Even though instability increased, it was still marginal and significant convection was not anticipated. However, shear parameters were more than sufficient to promote rotating updrafts. Low level shear (0-1km) increased steadily between 18z-00Z from 15-20 kt to 25-35 kt (Figure 6). LAPS surface helicity values also increased into the 150-200 m2/s2 range (Figure 5).  In addition, LCL values were below 1500 ft. This environment was favorable for the low topped super cells and corresponding tornadoes that developed.



Figure 4. Visible Satellite Imagery and MSAS Lifted Index (pink lines) and mean sea level pressure (yellow lines) from 2040Z.



Figure 5. LAPS surface CAPE (shaded) and Helicity (orange countours) from 21Z 27 March 2009.



Figure 6. NAM12 lifted indices and 0-1km shear vectors from 00Z 28 March 2009.


C. Radar Data

Convective showers increased in coverage and intensity across eastern South Carolina and SE North Carolina after 3pm (19Z) due to the features discussed in sections A and B above. Very little lightning was observed given the marginal instability across the area, and echo tops generally did not exceed 20-25 kft. However, individual cells occasionally exhibited supercell characteristics. Pronounced low level couplets associated with the Greene and Pitt county tornadoes were observed from both the Raleigh and Morehead City/Newport radars between approximately 2140-2240Z. The strongest rotational couplets and gate to gate shear was noted at 22Z (Figure 7). Tornado warnings were issued for both of these storms prior to any damage reports or tornado touchdown visuals received. It should be noted that upstream reports of confirmed tornadoes in adjacent CWA’s just prior to this event were very helpful in the warning process.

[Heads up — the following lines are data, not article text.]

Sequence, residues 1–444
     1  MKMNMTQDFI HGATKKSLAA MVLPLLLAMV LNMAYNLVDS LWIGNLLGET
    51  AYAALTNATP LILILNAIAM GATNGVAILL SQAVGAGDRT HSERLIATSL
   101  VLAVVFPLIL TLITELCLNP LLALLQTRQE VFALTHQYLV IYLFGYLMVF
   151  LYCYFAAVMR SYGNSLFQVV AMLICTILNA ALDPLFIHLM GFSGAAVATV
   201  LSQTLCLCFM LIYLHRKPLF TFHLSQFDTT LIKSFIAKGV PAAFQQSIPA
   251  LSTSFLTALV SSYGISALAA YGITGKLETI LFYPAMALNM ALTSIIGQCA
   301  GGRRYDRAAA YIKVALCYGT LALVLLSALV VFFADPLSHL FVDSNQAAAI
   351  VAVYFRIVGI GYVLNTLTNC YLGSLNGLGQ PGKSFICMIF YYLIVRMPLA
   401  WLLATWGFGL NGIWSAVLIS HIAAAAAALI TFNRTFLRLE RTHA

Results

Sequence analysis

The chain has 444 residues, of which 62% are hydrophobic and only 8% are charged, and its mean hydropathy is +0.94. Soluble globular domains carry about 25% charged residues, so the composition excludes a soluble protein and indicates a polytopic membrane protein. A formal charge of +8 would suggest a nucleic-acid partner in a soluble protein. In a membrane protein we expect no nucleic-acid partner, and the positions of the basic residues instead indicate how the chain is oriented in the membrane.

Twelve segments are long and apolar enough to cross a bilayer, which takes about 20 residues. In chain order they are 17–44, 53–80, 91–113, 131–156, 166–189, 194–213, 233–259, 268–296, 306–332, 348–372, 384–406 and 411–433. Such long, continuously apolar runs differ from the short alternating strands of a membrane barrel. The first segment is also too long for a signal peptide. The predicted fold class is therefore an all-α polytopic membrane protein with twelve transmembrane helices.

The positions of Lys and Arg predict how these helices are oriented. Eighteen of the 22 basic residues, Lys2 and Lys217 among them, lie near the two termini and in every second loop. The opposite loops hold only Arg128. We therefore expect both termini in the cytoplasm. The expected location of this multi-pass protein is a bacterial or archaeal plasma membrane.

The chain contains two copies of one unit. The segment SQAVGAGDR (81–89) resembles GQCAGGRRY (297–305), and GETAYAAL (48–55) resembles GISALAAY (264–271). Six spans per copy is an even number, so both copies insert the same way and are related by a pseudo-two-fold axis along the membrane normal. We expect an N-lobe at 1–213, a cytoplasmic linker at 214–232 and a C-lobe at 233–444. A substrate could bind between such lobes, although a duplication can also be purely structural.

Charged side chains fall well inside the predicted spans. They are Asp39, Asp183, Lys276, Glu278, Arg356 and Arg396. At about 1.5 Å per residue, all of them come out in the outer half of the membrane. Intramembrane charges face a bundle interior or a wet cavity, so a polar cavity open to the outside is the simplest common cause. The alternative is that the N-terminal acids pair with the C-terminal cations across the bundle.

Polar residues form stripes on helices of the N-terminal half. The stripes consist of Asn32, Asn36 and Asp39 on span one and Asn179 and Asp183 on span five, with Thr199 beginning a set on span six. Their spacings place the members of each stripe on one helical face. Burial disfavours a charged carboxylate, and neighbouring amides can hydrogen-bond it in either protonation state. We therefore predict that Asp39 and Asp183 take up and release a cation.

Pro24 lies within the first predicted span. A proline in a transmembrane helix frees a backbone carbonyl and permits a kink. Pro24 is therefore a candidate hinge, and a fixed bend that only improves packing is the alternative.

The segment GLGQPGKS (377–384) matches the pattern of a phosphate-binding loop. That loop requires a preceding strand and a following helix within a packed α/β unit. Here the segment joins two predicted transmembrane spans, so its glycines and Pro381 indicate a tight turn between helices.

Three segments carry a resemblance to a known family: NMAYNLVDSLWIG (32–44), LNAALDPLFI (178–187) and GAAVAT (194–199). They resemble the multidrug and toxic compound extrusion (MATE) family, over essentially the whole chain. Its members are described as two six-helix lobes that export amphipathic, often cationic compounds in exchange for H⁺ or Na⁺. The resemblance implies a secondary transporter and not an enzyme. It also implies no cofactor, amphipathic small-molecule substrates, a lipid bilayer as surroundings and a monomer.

Figure 7. 0.5 degree Storm Relative Velocity from KMHX at 22Z 27 March 2009 showing strong rotational couplets just west of Hookerton in Greene County and just S of Greenville in Pitt County.


Damage Survey

The NWS WFO MHX damage survey team determined that both tornadoes during the evening hours of March 27, 2009 were EF1's. The tornado that affected Greene County touched down approximately 2 miles west of Hookerton along the intersection of Shady Grove Church Road and SR 1436. It moved northeast for 1.5 miles to near the intersection of Dixon Farm Road and SR 1437. This was a high end EF1 with winds estimated from damage of 105 to 110 mph. Several homes received minor to moderate roof damage, pines trees layed down and snapped, one large hardwood tree down, windows were blown out of residences, and a light truck was spun around. There were no deaths or injuries. An interview conducted with a resident of a manufactured home took refuge in an interior closet during the tornado. His blue truck was spun around and home was damaged.

The Pitt County Tornado that affected communities near Greenville was determined to be a low end EF1 with winds estimated from damage of 85 to 90 mph. This tornado struck a more populated area causing minor damage to approximately 40 homes. Shingles were off roofs, debris blown into roofs, siding taken off homes, and some small trees were down. This tornado started out at Dudleys Grant Road, crossed Firetower Road. moving northeast, and affected a subdivision along Ashcroft Drive. The tornado damage path was approximately 100 yards wide, and was on the ground for 1/4 to 1/2 mile. Damages were estimated at $200,000. There were no deaths or injuries.

In addition to archived radar data, the Google Earth based rotational track product produced by the National Severe Storms Laboratory (NSSL) in Norman, OK proved invaluable in the damage review (Figure 8). This and damage pictures are shown below.



Figure 8. NSSL rotational track product from March 27, 2009.


Damage Pictures from Greene and Pitt Counties: March 27, 2009 
Photos Courtesy of John Cole, WCM WFO MHX.




Case Study Team

John Cole

Bob Frederick

Jeremy Schulz 

Jim Merrell

Mark Willis